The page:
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Are Evangelicals Obsessive About Sex?

Do evangelicals care only about issues of sexuality, marriage, and personal behavior? That’s what Michelle Cottle thinks, and that’s what she argues in “Prayer Center,” her article in the May 23 edition of The New Republic. Cottle offers a sympathetic portrait of Sojourners founder Jim Wallis, reporting that, since his student days, Wallis “has been struggling to mobilize Christians against social problems traditionally identified as concerns of the political left, such as poverty and racism.” Nevertheless, Wallis and his agenda have been frustrated by the fact that, “in U.S. religious circles, such issues have long taken a backseat–especially in the political arena–to matters of personal morality like abortion and gay rights.”

Cottle also casts a positive light on Rich Cizik, vice president of government affairs at the National Association of Evangelicals. Cizik, like Wallis, wants to see the evangelical political agenda widened to include issues such as environmentalism, economics, tax policy, and poverty. She argues that Cizik and Wallis both lament the approach of the “far right.” Cizik led the NAE to sponsor a broader call for action known as “For the Health of the Nation: An Evangelical Call to Civic Responsibility.”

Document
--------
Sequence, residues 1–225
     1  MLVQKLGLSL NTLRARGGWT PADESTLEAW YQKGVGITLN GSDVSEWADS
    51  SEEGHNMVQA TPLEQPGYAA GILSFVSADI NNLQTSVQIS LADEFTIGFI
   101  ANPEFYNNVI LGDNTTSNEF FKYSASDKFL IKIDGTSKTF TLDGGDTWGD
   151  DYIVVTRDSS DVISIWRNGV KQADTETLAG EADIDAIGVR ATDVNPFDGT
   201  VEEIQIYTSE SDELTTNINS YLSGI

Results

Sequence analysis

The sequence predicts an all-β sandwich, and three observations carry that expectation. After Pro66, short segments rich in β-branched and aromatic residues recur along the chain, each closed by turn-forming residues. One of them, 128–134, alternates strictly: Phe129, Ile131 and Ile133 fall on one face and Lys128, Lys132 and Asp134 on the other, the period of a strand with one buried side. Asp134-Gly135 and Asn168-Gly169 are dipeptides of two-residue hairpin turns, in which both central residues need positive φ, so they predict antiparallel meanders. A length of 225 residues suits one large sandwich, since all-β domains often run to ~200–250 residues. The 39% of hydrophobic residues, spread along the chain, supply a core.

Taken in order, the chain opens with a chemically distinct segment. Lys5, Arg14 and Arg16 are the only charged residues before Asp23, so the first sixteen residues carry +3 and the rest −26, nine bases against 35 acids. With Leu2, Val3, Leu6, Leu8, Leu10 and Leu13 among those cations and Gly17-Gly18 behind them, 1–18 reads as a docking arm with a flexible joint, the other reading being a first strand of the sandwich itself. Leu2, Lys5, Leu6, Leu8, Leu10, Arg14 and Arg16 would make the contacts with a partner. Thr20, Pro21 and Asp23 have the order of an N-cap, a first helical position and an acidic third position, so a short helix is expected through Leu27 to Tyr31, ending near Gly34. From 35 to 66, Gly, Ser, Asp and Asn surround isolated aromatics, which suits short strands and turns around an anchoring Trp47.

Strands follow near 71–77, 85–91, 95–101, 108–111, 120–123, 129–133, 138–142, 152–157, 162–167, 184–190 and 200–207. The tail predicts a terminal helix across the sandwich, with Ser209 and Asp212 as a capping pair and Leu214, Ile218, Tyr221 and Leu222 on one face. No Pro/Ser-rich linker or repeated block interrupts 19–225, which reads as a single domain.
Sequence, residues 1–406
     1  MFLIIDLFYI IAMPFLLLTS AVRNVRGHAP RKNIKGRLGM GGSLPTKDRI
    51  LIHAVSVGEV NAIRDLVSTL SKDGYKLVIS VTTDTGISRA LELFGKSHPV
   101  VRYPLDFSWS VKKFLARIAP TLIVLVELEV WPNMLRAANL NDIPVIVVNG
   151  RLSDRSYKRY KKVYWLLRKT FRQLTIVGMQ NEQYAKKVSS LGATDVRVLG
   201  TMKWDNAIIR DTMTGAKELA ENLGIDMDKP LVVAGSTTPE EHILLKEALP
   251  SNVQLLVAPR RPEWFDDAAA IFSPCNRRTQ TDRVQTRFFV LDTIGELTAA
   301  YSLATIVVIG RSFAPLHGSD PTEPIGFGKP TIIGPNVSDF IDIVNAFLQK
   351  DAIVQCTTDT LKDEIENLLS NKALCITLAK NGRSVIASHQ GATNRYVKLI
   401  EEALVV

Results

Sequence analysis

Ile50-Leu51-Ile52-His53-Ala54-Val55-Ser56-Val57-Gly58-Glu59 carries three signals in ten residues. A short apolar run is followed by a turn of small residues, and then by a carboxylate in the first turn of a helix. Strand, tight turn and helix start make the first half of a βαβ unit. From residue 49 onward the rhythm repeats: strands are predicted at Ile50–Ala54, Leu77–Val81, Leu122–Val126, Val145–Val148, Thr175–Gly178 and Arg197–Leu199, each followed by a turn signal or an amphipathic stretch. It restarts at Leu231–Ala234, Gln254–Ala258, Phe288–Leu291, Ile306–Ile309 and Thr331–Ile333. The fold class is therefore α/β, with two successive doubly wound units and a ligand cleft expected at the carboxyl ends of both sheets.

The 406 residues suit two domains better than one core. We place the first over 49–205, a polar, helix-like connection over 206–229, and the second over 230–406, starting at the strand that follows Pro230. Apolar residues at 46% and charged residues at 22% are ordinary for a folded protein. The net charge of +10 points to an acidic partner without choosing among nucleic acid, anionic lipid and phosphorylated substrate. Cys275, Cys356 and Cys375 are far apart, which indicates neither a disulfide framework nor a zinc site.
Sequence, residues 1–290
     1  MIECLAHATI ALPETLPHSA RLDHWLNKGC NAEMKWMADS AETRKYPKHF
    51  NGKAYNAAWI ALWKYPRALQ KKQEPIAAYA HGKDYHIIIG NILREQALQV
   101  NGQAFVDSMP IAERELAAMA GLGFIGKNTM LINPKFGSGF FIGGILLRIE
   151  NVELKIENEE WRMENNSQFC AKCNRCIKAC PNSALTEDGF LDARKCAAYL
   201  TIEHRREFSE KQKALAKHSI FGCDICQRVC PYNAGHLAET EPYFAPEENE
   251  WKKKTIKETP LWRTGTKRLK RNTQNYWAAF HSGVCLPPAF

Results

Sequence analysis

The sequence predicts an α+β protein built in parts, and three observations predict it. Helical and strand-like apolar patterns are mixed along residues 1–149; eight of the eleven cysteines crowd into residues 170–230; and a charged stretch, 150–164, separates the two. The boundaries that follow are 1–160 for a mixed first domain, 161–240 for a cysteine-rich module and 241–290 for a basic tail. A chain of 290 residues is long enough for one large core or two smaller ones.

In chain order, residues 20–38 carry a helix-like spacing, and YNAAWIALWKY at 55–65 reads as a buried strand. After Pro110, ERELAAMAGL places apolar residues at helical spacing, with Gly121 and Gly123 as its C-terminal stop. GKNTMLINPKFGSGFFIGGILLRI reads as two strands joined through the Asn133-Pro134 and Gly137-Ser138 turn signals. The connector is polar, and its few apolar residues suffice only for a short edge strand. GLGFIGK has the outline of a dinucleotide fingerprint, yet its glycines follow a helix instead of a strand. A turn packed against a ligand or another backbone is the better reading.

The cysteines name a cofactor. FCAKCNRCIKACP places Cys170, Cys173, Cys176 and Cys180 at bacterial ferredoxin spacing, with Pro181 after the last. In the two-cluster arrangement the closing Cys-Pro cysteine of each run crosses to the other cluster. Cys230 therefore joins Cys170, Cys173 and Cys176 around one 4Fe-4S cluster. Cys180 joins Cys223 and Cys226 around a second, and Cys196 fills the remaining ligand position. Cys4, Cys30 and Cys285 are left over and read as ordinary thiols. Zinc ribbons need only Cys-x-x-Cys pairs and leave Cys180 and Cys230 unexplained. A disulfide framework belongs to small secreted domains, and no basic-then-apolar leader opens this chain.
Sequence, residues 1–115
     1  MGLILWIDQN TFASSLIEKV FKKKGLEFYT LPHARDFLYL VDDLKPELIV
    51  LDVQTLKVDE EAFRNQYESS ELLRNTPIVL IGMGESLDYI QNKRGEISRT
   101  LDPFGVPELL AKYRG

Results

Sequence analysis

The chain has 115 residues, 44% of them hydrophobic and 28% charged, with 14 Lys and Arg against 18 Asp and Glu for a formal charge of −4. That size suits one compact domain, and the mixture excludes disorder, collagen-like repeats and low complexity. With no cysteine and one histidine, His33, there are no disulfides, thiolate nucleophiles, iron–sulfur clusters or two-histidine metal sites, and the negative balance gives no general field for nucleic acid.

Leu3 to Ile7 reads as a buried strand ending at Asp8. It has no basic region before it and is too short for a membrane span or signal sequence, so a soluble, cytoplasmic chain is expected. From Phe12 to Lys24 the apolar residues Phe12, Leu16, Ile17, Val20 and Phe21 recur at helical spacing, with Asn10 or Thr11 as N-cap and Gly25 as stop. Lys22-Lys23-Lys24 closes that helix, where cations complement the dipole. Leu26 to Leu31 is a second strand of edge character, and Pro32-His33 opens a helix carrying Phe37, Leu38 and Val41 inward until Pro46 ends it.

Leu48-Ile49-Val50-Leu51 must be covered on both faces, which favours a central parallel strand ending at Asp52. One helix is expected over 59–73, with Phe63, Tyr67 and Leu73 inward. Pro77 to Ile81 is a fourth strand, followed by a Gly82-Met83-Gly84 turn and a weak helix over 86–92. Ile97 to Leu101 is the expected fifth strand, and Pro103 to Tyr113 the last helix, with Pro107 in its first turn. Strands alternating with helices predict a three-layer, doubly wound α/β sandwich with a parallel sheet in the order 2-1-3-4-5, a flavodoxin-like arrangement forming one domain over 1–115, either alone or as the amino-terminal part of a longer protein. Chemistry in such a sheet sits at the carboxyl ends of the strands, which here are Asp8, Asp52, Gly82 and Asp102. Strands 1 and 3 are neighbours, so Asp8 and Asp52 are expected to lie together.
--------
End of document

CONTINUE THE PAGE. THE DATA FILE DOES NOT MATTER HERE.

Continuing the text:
Yet, these efforts have been thwarted, she argues, by the conservatives’ insistence on confronting issues of sexuality, abortion, and marriage. To her credit, Cottle does offer a fairly sophisticated historical analysis of how evangelicals developed these concerns. What she–along with so many others–fails to acknowledge is the fact that conservative evangelicals did not start the war over sexuality and life issues. As a matter of fact, evangelicals were mobilized for political and social action precisely because they would not accept sexual anarchy, the denial of human dignity to the unborn, and now, the destruction of marriage. Beyond this, the most thoughtful Christian conservatives do recognize the need for a broader moral engagement, but are convinced that nothing meaningful can be done about poverty and related issues if civilization’s most basic institution is dismantled and if sexual sanity is abandoned. If the leaders of the evangelical left really want to alleviate poverty, they should start by focusing on marriage and rebuilding a culture of responsibility. But, if they make this shift, they might lose the admiration of The New Republic.